Stressed out? Everyday stress symptoms and signs

While work-related stress often takes centre stage, everyday life has its own challenges. These can be just as impactful, triggering similar stress responses that can impact our wellbeing. This article explores the causes, signs, and strategies for managing everyday stress.

Understanding stress

Stress is the worry and tension we feel when:

  • We are under pressure to do something and think we will fail.
  • The demands being made on us are greater than what we think we can cope with.
  • We are faced with a difficult or new situation.

When faced with a demanding or stressful situation, the body naturally reacts by activating the nervous system and releasing hormones like cortisol and adrenaline. These hormones trigger various physical changes, equipping you to respond effectively to the challenge at hand. A little bit of stress is fine and can motivate us. However, if the stress persists and these physical changes become constant, you may start to feel overwhelmed and struggle to cope.

While we will all be stressed at some point, how we experience it will be different. What is stressful for one person can be a minor bump for someone else. And how we react to stress also varies from person to person.

 

Factors that can play a part in feeling stressed out include:

  • Health: Illness, injury, or caring for someone.
  • Relationship issues: Difficulties with family, partners, friends, or work colleagues.
  • Loss and change: Experiencing breakups, divorce, or bereavement.
  • Work: Job demands, long hours, difficult colleagues, career uncertainty, or job loss.
  • Money problems: Debt, financial pressures, or managing daily expenses.
  • Housing: Housing insecurity, poor living conditions, or homelessness.
  • Outlook and thoughts: Having unrealistic expectations, difficulty accepting uncertainty, lack of flexibility, or negative self-talk.
  • Life transitions: Starting a new job, retiring, or relocating – even happy events like a wedding or caring for a newborn can be stressful.
  • External events: Community-wide events like pandemics or natural disasters.

 

This list is not exhaustive, and everyone experiences stress differently. If you are struggling, seeking professional guidance or talking to a trusted friend or family member can be helpful.

 

The severity and length of the stress we experience can also be influenced by:

  • How the problem affects you
  • Whether or not you have any control
  • How long the stressful event lasts
  • How important the outcome is to you
  • Your past experiences
  • What else is going on at the same time
  • Your support network.

 

Common signs of being stressed out

Pay attention to warning signs that might reveal stress is taking a toll on your health and wellbeing:

  • Headaches and tense muscles
  • Upset stomach
  • Fatigue
  • Changes in sleep patterns
  • Difficulty concentrating, forgetfulness, indecisiveness
  • Irritable or angry
  • Constant worry
  • Drinking or smoking to cope
  • Changes in appetite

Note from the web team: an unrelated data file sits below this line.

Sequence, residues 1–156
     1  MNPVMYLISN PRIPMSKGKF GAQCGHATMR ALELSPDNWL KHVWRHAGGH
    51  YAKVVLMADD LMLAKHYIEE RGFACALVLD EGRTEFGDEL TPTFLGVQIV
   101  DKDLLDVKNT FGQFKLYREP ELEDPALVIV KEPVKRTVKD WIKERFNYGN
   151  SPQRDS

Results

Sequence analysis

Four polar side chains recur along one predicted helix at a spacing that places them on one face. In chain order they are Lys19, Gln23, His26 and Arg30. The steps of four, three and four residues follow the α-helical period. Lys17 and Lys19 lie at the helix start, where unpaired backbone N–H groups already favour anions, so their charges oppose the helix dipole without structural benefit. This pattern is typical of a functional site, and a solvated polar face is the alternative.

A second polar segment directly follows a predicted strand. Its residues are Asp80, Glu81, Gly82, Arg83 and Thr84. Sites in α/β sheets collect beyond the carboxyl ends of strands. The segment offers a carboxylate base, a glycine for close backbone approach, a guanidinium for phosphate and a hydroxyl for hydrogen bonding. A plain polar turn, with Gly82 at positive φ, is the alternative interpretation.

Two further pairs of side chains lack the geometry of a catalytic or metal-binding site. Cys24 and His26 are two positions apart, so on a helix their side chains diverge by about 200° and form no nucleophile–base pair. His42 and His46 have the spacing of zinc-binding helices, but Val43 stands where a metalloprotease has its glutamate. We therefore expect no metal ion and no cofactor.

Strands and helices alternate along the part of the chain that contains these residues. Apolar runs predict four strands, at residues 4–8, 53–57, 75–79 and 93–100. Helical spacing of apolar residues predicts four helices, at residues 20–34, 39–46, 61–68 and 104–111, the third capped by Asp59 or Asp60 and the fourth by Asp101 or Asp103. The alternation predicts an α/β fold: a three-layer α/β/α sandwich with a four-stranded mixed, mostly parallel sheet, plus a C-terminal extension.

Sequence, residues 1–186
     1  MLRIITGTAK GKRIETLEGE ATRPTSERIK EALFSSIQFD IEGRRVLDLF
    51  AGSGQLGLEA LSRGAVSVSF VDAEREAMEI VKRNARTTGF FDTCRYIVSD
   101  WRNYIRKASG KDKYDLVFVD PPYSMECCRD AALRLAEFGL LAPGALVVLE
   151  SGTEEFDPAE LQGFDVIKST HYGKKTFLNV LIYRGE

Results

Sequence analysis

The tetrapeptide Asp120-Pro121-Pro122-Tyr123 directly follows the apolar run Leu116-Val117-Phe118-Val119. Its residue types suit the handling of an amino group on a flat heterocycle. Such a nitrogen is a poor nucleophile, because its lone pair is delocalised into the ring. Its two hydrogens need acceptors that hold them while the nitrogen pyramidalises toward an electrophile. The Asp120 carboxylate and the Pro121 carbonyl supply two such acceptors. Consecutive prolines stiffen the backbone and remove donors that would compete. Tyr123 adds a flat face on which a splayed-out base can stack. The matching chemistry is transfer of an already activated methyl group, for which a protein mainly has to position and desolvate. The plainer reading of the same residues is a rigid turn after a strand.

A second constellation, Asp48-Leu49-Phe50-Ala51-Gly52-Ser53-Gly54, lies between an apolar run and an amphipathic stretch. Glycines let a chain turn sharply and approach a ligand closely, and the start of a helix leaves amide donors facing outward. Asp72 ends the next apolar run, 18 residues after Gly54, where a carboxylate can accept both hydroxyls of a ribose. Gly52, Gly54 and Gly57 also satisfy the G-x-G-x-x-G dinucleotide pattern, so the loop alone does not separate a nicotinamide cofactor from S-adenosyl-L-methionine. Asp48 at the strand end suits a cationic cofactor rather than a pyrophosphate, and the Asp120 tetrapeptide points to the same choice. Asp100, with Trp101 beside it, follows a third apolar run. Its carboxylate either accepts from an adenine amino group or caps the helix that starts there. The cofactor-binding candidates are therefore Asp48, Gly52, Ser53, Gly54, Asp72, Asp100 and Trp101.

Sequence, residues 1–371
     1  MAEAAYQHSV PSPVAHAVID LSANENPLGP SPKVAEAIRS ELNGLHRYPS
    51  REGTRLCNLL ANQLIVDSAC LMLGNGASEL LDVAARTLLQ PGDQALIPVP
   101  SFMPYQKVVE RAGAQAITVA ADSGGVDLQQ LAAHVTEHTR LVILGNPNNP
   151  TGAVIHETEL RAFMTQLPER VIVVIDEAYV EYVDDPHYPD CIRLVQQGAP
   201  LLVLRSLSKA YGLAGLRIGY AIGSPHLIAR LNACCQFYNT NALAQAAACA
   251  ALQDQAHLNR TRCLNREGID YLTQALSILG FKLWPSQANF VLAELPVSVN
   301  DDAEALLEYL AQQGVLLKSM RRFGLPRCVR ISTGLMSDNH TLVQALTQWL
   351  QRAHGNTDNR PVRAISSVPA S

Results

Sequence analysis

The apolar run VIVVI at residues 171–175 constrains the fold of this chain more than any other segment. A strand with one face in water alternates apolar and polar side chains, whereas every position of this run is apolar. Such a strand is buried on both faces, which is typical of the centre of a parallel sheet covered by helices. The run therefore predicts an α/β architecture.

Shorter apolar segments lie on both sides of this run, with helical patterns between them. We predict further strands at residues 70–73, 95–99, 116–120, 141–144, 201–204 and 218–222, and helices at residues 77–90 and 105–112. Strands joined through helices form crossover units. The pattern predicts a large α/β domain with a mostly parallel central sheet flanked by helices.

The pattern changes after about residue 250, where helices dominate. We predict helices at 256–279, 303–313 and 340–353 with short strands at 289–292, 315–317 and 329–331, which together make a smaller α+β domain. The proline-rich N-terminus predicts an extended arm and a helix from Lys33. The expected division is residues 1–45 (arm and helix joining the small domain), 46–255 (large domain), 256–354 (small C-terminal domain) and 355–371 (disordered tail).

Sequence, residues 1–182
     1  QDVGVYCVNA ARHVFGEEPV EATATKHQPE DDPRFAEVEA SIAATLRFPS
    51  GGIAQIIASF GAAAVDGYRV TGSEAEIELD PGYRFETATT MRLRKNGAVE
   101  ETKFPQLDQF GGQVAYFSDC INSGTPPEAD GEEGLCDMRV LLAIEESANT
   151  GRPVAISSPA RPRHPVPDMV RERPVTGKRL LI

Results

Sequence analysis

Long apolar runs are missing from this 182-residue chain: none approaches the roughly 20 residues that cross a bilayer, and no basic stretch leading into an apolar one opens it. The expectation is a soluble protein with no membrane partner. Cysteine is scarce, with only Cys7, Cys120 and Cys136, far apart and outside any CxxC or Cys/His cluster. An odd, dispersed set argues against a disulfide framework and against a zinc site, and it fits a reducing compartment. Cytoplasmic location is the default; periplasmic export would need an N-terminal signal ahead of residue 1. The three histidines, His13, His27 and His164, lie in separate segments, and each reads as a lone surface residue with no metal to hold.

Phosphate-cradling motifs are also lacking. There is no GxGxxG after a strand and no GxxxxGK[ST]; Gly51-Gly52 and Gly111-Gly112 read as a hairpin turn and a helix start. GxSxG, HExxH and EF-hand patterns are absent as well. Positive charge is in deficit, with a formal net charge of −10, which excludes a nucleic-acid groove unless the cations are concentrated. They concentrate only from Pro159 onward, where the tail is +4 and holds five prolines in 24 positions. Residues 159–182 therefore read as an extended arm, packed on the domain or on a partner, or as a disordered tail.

• Withdrawing from friends and family
  • Avoiding activities you once enjoyed
  • Feeling unable to cope
  • Experiencing burnout.

 

 How to manage stress symptoms

Everyone experiences stress. It is the way we respond to stress that can have an impact on our health and wellbeing. Here are some practical steps to help you manage stress effectively:

Identify the source: Write down what is causing you to feel stressed. Is it a single issue or a combination of factors? Prioritise them, addressing the most pressing first.

Develop a plan of action: Break down your challenges into smaller, manageable steps. Create a clear action plan focusing on one step at a time. Don’t hesitate to seek help when needed.

Challenge your inner critic: Recognise and address negative self-talk. Be kind to yourself. Acknowledge your efforts, adjust unrealistic expectations, and extend the same compassion you would offer a friend in a similar situation.

Assess your coping mechanisms: Reflect on how you have been managing stress. What techniques have proven helpful? What needs adjusting? Be mindful of unhelpful coping mechanisms and seek healthier alternatives.

Talk it over: Sharing your concerns with a trusted friend or family member can provide a valuable perspective and help you explore potential solutions. If managing stress feels overwhelming, consider seeking professional help from a counsellor or psychologist. They can provide tailored strategies and guidance to equip you with better coping mechanisms. If you do not have a counsellor or psychologist, your first step may be calling a helpline like MensLine on 1300 78 99 78 or making an appointment to see your GP.

Prioritise self-care: Maintain a healthy lifestyle by eating well, exercising regularly, finding ways to relax, and getting sufficient sleep. These practices build resilience and promote overall wellbeing. Additionally, engage in activities you enjoy and nurture positive relationships.

Managing stress is a continuous process. Don’t hesitate to reach out for additional support if needed.

 

If you are feeling stressed and need to talk, give one of our MensLine Australia counsellors a call on 1300 78 99 78 or click on the floating chat button on the right to access online counselling. Our service is free.

 

If it is an emergency, please call 000.

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